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September 19, 2001
Scholarship on Disability at Emory
Emory's gaining a new scholar of disability studies. Rosemarie Garland-Thomson will join the Women's Studies Program in the spring of 2002. She is the author of Extraordinary Bodies: Figuring Physical Disability in American Culture and Literature (Columbia University Press, 1977). For more on Garland-Thomson and the emergence of disability studies, see "Disability and the Academy: A field comes of age" in the December 2000 / January 2001 issue of the Academic Exchange



September 6, 2001
David Lodge Coming to Campus

If you enjoyed Shalom Goldman's review essay in the September Academic Exchange, "Academic Life by the Book: A campus tour of satiric fiction," you'll be glad to know one of the great satirists of academic life is coming to campus soon. Novelist and critic, David Lodge, whose many books include Changing Places, Nice Work, and Small World, will be on campus October 7—10, 2001. He will give three lectures on "Consciousness and the Novel" as part of the series of Ellmann Lectures in Modern Literture. On October 10th, he will give a reading and be available to sign copies of his new novel, Thinks (Viking, 2001). Below is a list of dates and places:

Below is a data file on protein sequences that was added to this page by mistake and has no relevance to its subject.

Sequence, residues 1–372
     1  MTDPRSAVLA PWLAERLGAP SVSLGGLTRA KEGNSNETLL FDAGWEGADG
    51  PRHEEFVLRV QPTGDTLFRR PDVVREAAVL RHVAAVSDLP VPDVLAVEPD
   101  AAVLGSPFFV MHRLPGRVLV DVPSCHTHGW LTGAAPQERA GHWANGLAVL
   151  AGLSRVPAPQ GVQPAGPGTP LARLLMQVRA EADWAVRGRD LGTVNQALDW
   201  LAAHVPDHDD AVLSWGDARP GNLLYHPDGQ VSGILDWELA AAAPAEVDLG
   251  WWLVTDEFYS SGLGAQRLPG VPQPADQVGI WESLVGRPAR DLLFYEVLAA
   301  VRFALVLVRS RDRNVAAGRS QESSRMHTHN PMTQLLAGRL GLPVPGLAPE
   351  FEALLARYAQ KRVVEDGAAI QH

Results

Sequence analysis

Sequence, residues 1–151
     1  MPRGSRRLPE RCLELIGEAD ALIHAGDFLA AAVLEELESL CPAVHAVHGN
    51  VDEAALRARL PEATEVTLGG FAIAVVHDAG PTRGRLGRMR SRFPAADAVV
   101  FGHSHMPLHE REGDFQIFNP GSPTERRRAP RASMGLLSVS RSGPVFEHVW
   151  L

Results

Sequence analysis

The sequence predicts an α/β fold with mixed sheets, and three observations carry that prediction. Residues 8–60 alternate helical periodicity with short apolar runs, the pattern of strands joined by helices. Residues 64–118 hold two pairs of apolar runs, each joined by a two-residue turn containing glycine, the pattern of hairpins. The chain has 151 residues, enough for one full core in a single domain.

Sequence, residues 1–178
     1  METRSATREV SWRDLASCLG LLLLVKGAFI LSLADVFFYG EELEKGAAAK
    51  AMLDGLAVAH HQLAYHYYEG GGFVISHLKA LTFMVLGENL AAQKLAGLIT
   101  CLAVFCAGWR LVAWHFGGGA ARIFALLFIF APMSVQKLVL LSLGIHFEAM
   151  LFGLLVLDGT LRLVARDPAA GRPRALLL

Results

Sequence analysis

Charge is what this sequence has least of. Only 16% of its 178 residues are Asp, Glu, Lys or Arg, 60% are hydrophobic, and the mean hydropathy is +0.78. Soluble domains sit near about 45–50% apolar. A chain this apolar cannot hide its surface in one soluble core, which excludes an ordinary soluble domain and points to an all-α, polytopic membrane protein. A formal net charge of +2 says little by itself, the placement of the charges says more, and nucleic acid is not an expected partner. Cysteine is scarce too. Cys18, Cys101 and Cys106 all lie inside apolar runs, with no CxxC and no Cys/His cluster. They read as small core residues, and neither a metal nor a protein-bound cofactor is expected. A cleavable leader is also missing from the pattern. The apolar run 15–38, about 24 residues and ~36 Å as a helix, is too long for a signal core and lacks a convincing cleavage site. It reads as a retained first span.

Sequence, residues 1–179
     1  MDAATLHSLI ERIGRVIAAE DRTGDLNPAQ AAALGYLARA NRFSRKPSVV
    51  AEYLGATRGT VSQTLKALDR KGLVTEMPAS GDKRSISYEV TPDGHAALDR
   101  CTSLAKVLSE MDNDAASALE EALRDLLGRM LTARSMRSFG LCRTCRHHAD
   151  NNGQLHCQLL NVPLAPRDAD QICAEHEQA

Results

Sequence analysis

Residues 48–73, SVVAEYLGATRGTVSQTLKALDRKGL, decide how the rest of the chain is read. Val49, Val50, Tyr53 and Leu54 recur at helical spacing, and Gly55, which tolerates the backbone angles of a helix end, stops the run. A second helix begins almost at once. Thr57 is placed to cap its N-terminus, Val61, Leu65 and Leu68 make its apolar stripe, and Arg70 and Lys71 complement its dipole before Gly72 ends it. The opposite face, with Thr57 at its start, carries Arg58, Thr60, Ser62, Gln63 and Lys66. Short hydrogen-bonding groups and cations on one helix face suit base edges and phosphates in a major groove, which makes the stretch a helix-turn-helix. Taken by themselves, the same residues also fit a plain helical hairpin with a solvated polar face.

• October 7, 4 p.m.,"Consciousness and the Two Cultures," Woodruff Health Sciences Auditorium
• October 8, 8:00 p.m.,"First Person and Third Person," Goizueta Business School Auditorium, Room 130
• Oct. 9, 8:15 p.m.,"Surface and Depth," Goizueta Business School Auditorium, Room 130
• October 10, 8:15 p.m., reading and book signing, Glenn Memorial Sanctuary.

A Book Jacket Description of Thinks:
"Ralph Messenger is a man who knows what he wants and generally gets it. As director of the prestigious Holt Belling
Center for Cognitive Science at the University of Gloucester, he is much in demand as a pundit on developments in
artificial intelligence and the study of human consciousness. Known to his colleagues as a womanizer, he has reached a
tacit understanding with his American wife Carrie to refrain from philandering in his own backyard. This resolution is already weakening when he meets and is attracted to Helen Reed, a recently widowed novelist who has taken up a post as writer in residence at Gloucester. Fascinated and challenged by a personality and a worldview radically at odds with her own, Helen is aroused by Ralph's bold advances but resists on moral principle. The standoff between them is shattered by a series of events and discoveries that dramatically confirm the truth of Ralph's dictum that 'we can never know for certain what another person is thinking.'"